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Salish Sea Sentinel | October 22, 2018

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Tsleil-Waututh science symposium looks at health of Burrard Inlet

Tsleil-Waututh science symposium looks at health of Burrard Inlet

A gathering focusing on a health and restoration of the Burrard Inlet took place for a second time this year as the area faces increased risks from big oil.

Tsleil-Waututh Nation started the Burrard Inlet Science Symposium to compliment work that’s being done on the restoration of its territory, which has already been damaged by pollution.
The event on Oct. 18 brought together First Nations, scientists and other involved parties to discuss strategies.

Elder Iggy George

Elder Iggy George spoke about his knowledge of the land and water.

Tsleil-Waututh also unveiled an updated version of the Burrard Inlet Action plan that was first unveiled last year. The plan is a “living document” that is continuously being brought up to date with new information.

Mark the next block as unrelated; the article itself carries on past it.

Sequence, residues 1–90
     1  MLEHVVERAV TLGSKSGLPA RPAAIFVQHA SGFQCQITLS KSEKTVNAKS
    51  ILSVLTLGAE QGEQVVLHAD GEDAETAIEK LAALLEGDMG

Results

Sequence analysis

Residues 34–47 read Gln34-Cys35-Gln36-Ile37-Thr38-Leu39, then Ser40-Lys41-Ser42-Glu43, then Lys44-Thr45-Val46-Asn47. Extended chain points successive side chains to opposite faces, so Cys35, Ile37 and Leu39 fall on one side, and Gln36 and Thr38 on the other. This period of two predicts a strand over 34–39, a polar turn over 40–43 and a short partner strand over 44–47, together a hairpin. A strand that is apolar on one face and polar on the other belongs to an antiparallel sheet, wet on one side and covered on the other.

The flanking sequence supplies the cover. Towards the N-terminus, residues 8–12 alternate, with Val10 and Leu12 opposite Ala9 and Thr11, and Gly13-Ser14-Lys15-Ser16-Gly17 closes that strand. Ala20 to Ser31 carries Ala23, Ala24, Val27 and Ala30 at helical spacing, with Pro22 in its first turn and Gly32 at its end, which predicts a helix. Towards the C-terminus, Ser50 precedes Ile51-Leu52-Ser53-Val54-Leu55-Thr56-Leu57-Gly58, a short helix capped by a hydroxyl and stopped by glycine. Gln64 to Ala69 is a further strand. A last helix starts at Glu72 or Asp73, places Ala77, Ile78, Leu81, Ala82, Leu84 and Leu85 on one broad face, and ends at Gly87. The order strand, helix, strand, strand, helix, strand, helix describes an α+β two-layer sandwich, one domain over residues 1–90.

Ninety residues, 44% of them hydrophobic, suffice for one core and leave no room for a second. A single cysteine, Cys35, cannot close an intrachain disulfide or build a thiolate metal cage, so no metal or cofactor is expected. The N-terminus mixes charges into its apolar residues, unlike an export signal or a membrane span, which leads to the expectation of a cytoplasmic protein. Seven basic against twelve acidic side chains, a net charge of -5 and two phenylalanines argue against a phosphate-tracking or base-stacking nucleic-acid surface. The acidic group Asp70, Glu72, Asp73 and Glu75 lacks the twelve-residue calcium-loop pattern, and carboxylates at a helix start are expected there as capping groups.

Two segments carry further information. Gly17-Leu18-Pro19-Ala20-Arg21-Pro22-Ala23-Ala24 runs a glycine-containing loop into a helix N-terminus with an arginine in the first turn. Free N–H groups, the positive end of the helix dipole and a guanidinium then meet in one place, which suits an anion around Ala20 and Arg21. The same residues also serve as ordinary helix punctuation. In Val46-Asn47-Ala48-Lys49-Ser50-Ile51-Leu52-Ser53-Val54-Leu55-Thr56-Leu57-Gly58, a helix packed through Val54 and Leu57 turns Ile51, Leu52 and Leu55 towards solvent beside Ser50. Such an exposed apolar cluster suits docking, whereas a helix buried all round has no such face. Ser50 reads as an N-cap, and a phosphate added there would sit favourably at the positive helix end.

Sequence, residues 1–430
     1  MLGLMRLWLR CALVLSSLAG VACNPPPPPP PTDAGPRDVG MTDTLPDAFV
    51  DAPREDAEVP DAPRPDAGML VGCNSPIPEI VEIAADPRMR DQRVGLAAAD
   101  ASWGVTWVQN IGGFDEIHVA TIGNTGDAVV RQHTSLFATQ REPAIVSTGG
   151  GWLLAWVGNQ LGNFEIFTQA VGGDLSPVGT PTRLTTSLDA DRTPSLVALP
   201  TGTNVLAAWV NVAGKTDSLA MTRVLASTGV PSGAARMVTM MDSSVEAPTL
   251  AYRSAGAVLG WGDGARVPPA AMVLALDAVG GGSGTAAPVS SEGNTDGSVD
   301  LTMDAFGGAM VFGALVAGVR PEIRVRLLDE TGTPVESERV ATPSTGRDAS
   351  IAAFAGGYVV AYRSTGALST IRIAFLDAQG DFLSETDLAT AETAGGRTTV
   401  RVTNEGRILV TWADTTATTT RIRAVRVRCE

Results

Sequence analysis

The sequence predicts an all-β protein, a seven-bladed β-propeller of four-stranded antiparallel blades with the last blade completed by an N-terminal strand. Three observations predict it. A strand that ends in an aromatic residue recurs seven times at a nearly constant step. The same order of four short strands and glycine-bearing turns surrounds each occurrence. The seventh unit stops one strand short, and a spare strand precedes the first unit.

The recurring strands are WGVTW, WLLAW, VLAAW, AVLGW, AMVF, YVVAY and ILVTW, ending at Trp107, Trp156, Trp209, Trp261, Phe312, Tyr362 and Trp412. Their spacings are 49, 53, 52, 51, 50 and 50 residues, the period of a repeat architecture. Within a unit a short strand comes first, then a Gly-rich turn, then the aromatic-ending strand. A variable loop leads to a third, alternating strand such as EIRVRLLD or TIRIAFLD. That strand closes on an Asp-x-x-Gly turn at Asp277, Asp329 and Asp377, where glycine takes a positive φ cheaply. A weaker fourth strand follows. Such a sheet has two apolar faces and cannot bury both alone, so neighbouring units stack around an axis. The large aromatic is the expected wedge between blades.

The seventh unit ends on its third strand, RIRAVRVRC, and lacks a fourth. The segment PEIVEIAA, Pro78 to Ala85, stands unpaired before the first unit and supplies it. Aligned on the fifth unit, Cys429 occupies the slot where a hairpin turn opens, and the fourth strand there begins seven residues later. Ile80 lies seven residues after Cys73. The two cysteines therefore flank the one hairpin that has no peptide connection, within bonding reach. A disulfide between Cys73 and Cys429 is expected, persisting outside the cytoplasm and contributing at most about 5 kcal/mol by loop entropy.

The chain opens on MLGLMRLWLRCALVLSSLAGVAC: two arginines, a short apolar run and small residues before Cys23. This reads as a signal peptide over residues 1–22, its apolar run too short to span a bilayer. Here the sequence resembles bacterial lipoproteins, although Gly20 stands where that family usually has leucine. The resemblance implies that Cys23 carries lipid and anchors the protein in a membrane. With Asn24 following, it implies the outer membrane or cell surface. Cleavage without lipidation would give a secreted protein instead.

Chief Maureen Thomas said the event has become very important for Tsleil-Waututh Nation.
“We are here to try to save our sea life,” she said. “We all have to be responsible. We have to bring all this knowledge, these concerns, to the general public.”

Scientists that work with the nation spoke about everything from water quality to shellfish harvesting, while Elder Iggy George shared some of his deep knowledge of the territory and tides.

Andrew Day, an environmental expert who MCed the event, said it’s heartening to see such a gathering take place.

“Despite all that has been lost, the spirit of trying to preserve that beautiful place is alive,” he said. “[Tsleil-Waututh Nation] is still bringing forth their teachings and identity and desire to see this area revamped and flourish. To give nature half a chance to do its best.”

The Burrard Inlet Action Plan can be viewed at